Editorial Board 2000-2001
When the University Students' Council convened last night to discuss its behemoth-blunder called Operation Massive, the mistakes involved in the Western party came to light.
Organizers of the event have publicly stated how remiss the results have been and an analysis of Operation Massive's shortcomings were presented for the entire council's information.
And now, almost two weeks after the massive meltdown, students are left to ponder what went wrong with almost $32,000 of their cash and what, if anything, the USC will now do to right the wrongs.
Since the USC is considered a business, it goes without saying that sound business decisions are in the best interest of its shareholders the students and ultimately its own survival. Students should bear in mind that there are risks involved with any business venture such as this, but the USC must simultaneously ensure that a financial loss of these proportions does not occur again.
Is an apology akin to last year's $3.60 opt-out fee fiasco in order? Going back on its word in this case seems unnecessary given the circumstances. Theoretically, Operation Massive could have succeeded with flying colours.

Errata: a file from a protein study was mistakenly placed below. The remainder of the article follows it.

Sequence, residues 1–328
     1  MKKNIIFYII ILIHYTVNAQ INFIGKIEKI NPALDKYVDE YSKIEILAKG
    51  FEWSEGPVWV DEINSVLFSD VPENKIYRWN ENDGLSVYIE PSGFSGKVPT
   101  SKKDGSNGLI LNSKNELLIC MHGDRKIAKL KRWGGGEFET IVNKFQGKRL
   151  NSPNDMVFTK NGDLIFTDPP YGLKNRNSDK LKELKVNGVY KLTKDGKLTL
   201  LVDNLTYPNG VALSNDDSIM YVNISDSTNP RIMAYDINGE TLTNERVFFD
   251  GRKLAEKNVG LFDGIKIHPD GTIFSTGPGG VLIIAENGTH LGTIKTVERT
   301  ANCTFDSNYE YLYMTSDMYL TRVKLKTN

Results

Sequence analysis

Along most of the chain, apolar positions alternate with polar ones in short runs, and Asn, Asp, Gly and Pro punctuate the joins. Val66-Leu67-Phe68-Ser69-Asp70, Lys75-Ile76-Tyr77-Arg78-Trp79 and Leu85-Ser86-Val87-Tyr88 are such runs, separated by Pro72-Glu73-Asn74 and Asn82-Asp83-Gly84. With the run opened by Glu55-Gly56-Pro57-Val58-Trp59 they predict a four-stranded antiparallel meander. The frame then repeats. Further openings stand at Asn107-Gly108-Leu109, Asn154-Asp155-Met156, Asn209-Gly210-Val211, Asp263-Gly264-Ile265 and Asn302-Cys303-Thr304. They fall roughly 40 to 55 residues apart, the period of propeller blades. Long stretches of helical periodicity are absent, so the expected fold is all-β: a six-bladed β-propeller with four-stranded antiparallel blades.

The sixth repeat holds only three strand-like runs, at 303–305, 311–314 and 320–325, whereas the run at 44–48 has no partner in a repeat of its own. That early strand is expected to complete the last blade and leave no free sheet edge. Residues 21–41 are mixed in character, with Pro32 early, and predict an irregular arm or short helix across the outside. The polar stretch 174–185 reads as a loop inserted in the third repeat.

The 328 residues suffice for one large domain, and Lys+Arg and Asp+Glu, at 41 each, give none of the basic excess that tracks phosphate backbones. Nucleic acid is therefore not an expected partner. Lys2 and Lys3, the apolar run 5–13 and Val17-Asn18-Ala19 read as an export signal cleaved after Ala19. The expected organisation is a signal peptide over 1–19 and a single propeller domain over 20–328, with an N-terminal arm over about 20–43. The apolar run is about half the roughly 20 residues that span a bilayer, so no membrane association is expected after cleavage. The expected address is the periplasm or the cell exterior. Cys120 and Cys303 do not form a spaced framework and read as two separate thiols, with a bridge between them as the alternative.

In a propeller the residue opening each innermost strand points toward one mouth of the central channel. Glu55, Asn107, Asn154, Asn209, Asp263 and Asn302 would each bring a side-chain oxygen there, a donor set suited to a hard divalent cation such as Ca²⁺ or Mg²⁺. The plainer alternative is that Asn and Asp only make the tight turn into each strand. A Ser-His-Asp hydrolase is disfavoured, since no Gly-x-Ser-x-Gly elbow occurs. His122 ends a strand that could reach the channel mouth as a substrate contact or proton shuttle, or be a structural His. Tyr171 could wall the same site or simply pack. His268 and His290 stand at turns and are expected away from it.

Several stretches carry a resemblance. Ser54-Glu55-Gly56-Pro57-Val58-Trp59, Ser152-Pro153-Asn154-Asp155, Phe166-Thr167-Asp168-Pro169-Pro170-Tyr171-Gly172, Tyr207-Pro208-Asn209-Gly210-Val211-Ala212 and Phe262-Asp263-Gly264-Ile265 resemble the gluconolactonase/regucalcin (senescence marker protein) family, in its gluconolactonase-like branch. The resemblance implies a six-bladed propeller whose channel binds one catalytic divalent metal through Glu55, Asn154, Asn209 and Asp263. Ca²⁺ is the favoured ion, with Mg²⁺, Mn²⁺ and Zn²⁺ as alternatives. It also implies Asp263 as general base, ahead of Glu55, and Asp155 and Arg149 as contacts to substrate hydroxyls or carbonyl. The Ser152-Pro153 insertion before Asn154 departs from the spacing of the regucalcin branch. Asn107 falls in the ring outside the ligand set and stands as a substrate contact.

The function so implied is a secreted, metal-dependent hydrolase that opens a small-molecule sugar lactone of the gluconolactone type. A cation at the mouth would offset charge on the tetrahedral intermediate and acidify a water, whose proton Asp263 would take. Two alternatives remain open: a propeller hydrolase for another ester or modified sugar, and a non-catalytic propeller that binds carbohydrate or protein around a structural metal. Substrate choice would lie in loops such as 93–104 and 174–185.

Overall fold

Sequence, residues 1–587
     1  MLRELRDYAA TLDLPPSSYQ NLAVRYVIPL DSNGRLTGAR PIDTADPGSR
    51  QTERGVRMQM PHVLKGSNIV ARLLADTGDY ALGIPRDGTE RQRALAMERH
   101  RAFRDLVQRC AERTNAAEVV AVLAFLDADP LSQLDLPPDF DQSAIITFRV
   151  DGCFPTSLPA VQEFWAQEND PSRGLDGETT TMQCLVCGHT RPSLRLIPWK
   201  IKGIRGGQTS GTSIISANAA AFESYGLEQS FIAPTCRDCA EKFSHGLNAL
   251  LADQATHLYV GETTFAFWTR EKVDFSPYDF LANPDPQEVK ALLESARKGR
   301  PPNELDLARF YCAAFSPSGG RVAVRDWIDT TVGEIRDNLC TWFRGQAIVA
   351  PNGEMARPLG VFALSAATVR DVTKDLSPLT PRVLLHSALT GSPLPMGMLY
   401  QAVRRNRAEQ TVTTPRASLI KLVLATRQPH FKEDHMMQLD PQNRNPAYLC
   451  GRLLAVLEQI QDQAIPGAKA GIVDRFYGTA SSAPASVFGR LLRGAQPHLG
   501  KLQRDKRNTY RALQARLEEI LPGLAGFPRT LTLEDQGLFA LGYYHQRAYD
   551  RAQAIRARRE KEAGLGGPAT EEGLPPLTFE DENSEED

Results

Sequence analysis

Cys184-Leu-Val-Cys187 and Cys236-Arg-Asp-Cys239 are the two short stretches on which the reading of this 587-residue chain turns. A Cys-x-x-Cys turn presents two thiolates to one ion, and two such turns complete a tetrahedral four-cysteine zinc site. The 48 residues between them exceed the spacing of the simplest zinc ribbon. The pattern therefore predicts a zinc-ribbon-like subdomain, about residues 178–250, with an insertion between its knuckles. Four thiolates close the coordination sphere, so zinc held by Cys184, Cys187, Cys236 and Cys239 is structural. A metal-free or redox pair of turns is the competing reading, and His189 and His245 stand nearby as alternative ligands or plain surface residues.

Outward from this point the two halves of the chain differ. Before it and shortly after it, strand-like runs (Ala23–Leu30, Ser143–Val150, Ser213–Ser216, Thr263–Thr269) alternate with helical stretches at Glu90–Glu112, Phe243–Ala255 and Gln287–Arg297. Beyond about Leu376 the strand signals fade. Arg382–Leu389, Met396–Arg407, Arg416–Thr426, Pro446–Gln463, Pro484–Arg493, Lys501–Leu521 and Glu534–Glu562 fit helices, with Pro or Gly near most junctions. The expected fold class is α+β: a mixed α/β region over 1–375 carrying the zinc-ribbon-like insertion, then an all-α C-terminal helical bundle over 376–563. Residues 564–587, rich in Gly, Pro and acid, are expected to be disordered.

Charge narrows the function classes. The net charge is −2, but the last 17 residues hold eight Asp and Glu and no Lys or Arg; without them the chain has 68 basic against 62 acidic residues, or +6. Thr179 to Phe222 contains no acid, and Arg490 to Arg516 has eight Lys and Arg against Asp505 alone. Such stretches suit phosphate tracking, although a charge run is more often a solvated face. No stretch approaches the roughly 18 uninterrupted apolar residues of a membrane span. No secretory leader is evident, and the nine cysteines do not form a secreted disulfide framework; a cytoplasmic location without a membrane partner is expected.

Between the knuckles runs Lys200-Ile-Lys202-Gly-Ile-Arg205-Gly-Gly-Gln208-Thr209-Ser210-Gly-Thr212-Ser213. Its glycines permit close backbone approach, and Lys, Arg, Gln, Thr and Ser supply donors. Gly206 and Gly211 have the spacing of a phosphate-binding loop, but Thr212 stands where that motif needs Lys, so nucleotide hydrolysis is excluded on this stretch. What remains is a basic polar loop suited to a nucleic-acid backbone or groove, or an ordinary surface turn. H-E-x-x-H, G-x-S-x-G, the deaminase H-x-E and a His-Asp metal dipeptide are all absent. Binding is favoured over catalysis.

As well, the gist of the event was something that would have invariably provided students with something valuable. Although an apology at this point would indeed acknowledge the council's disappointment with the event, it is a point that would prove moot at best.
Instead, the USC should focus on the determining factors in Operation Massive's ultimate demise and focus on applying lessons learned to future events of this sort.
For example, London night life does not exactly lend itself to a $15 cover charge. Most Western students are flabbergasted at the thought of having to pay cover at an entertainment venue at all, since they will undoubtedly dispense significant chunks of cash and eventually chunks of other things.
The success the USC was looking for would have been something along the lines of the Orientation Week party held at Thompson Arena, where the venue proved itself to be a great place for a party. However, the difference between Operation Massive and its O-Week counterpart is that the September gathering had a more mandatory element and costs for the party were embedded in O-Week activity fees.
Organizers of the event should have attempted smaller parties as a preliminary step to a gathering on the scale of Operation Massive. This is clearly a case where the USC bit off more than it could chew and is now choking on its own financial entrails.
Hopefully, it won't be a case of once burned, twice shy for the USC and gatherings of this size. It is just as important to fail as it is to succeed, but students will not stand too long for the former, before they begin demanding the latter.